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The 3️⃣ best tools to monitor cervical mucus

mucus fertility woman

Methods for monitoring cervical mucus 

Cervical mucus is one of the great forgotten (and unknown) aspects of female intimate health. You can see the exact definition of cervical mucus in this other article. 

So far it has been discovered that it plays a key role in the search for pregnancy. 


In fact, this cervical mucus will be of a different color and texture depending on the stage of the menstrual cycle, and depending on the time of the cycle, it allows and facilitates the sperm to lodge in the woman's body and facilitate pregnancy. 


Depending on the texture of the cervical mucus, the sperm that enter the vagina before the moment of ovulation will remain “floating” in the cervical mucus to survive longer (between 3 and 6 days) and be able to fertilize an egg.


But of course, how can we know what cervical mucus is like? What simple ways are there to monitor this cervical mucus and better understand a woman's fertile moments? 


In this article we will see the ways that exist to analyze cervical mucus at home to improve fertility. 


At the moment There are three methods described for monitoring cervical mucus. Dare to learn about them and put them into practice so you can better track your fertile days:


The Billings Ovulation Method (BOM)


With this method you are invited to check and trace both the texture and appearance of cervical mucus. The method is not based on the presence of ovulation but rather tries to identify patterns of potential fertility and infertility within the cycle. 


This information can be used to achieve pregnancy during regular or even irregular cycles, including more complicated moments to analyze such as breastfeeding and perimenopause (natural transition to menopause). 


The method was developed by gynecologists John and Evelyn Billings and its use is widespread worldwide as a method of natural fertility regulation. You can discover more about the Billings Ovulation Method in this book


The Creighton method of evaluating cervical mucus

This method is similar to the Billings ovulation method, except that it requires secretions to be classified according to a multiple characteristic scale. It is a standardized system for recording a woman's menstrual cycle with objective measurements of biomarkers.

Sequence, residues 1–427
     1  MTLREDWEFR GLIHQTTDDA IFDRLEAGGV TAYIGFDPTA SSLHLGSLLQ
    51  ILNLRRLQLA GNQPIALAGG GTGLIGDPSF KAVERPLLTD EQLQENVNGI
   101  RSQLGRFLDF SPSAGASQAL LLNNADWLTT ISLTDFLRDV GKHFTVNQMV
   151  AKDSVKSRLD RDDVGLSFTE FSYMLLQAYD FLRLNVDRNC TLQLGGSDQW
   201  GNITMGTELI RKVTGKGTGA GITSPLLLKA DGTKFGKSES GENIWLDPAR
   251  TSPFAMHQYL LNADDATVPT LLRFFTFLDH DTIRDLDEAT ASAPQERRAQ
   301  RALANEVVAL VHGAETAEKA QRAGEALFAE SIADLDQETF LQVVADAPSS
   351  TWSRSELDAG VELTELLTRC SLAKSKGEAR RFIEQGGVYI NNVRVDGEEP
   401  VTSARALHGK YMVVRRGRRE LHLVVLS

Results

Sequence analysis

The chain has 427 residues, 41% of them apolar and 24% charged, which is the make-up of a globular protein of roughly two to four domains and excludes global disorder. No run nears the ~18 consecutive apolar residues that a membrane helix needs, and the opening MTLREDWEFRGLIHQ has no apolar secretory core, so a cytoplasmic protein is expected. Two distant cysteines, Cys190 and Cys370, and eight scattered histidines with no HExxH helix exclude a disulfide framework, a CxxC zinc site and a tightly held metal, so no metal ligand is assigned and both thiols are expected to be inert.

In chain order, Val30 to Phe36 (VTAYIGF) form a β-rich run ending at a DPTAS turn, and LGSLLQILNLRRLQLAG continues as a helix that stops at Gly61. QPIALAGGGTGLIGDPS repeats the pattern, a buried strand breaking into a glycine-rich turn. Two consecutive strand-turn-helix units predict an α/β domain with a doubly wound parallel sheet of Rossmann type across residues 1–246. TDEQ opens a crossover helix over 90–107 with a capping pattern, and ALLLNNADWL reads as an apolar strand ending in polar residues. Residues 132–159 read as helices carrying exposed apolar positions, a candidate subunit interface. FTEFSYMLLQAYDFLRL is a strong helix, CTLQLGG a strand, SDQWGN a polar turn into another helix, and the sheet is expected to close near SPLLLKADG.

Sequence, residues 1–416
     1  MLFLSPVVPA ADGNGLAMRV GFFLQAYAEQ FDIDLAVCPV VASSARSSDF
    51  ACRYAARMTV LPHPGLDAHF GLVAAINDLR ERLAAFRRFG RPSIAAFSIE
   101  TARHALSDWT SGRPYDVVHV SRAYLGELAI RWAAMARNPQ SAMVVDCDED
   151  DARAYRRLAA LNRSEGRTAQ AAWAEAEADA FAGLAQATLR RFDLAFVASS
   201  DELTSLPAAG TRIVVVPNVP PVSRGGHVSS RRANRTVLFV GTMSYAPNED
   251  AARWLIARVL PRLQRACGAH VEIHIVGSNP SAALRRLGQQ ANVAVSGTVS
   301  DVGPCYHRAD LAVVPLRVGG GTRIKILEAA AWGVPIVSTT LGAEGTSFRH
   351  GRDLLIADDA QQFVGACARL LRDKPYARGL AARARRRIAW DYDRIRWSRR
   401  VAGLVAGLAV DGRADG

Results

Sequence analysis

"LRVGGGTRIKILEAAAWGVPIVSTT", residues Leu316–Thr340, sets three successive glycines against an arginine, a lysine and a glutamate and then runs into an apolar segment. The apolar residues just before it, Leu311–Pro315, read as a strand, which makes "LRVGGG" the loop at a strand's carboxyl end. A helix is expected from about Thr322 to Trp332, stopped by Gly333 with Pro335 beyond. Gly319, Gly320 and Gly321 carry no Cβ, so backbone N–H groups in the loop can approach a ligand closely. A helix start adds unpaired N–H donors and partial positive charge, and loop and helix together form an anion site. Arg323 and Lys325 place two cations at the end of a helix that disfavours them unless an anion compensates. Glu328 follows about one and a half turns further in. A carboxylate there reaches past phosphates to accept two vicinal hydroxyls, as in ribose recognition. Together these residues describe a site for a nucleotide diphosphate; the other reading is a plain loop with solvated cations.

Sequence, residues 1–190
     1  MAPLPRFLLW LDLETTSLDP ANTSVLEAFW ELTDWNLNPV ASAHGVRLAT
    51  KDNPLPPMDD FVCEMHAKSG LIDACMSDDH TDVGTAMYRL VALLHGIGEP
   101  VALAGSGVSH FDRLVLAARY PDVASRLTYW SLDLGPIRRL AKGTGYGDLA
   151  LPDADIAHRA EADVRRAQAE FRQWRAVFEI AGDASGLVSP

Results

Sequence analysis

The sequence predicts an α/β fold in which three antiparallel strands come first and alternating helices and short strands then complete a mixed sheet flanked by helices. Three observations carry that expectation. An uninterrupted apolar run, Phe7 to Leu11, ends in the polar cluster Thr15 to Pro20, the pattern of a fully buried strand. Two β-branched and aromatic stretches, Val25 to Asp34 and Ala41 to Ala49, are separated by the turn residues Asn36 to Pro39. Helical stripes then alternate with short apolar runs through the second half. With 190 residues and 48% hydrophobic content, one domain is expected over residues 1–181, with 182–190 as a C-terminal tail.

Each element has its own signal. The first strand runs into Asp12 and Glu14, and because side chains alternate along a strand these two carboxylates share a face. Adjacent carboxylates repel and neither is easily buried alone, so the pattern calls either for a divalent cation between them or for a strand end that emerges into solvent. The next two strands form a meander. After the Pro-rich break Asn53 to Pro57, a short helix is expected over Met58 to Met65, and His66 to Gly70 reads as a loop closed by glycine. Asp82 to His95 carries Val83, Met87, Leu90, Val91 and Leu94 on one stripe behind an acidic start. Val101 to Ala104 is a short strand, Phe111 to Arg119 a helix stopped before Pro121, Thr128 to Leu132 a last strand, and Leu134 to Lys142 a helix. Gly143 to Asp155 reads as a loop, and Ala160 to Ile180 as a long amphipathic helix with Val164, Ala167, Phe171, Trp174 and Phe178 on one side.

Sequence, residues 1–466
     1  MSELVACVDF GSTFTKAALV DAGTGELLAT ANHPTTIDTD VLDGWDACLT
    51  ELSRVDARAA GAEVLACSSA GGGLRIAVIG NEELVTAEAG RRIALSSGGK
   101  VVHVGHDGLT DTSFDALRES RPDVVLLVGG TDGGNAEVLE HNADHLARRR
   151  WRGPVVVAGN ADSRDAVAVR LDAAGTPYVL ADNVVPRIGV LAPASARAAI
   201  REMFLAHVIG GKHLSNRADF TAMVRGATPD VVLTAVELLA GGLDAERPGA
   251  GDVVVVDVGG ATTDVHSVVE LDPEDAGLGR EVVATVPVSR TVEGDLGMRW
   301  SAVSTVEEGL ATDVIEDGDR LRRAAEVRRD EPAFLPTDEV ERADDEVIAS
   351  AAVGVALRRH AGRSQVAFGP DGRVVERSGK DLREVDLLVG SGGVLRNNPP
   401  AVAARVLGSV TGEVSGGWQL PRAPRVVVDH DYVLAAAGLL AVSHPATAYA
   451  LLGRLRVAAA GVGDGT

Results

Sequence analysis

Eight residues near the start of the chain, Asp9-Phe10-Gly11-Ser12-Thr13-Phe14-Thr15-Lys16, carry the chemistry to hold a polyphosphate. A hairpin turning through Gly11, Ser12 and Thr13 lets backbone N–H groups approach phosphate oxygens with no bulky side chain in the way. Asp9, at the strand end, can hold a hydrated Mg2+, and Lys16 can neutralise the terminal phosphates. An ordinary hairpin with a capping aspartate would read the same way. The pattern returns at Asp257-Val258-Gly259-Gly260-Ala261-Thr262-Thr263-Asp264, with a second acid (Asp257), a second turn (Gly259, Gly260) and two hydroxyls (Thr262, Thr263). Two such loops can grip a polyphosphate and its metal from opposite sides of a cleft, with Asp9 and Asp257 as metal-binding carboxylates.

Its creators affirm that fertility is another part of health, and not a pathology (in its absence). Thus, they recognize that the Creighton method is a family planning method: it can be used both to seek pregnancy when the ideal time is; to avoid it in family situations in which children are not sought. 


You can discover more about fertility biomarkers and the entire Creighton method in this book


The two day method

This method is very simple, but very revealing. It consists of “simply” asking yourself two questions for two days in a row: Have I had cervical mucus today? And yesterday? 


If the answer is yes to any of these questions, the chances of pregnancy are higher.  


You can find more information about this method in the Georgetown University Institute for Reproductive Health website


Special situations in relation to cervical mucus 

Cervical mucus continues its process depending on the woman's hormonal cascade, and changes in a more or less predictable way. 


In any case, there may be cases in which women have some type of alteration in their hormonal cycles, and therefore, the cervical mucus, its texture and appearance may be different. These cases could be: 


Cervical mucus in irregular or interrupted cycles

When cycles are irregular or interrupted by hormonal contraceptives, when polycystic ovary syndrome (PCOS), Turner syndrome, chronic cervicitis is diagnosed, or even after a recent pregnancy, the quantity and quality of cervical mucus can be affected. affected.


Cases of dehydration and cervical mucus

The amount of water consumed can affect the amount of water in the mucus, which can increase or decrease the ability of sperm to penetrate.


Persistent reproductive tract infections  

Because cervical mucus and vaginal secretions are difficult to distinguish, changes in vaginal secretions as a result of infections make cervical mucus more difficult to track.


Use of certain medications 

Some medications, such as those intended to trigger ovulation, can change cervical mucus.


Similarly, IUDs with levonorgestrel thicken cervical mucus to make it difficult for sperm to penetrate and therefore prevent pregnancy.


Multiple types of secretions

As we said, the presence of arousal fluids or vaginal secretion can be confused with cervical mucus if you are not yet familiar with the differences between one and the other. 


It is advisable to study them for a few cycles, observe yourself and practice on the different textures.


Cervical mucus as an indicator of health 

Changes in the pattern of cervical mucus can also indicate a hormonal or infectious problem. 


If it is hormonal, it is usually accompanied by changes in the duration of the cycle and the intensity of the flow. 


In case of infection, the mucus is usually accompanied by an odor and other symptoms such as itching or pain when urinating. 


Signs of abnormal discharge include changes in:

  • Consistency: Unusually thin or thick and more textured 
  • Color: gray, green, yellow or brown
  • Volume: significant and unexpected increase in mucus
  • Smell: metallic, fishy or just different, stronger.


If you suspect that your vaginal discharge is not normal, consult your gynecologist as soon as possible. 


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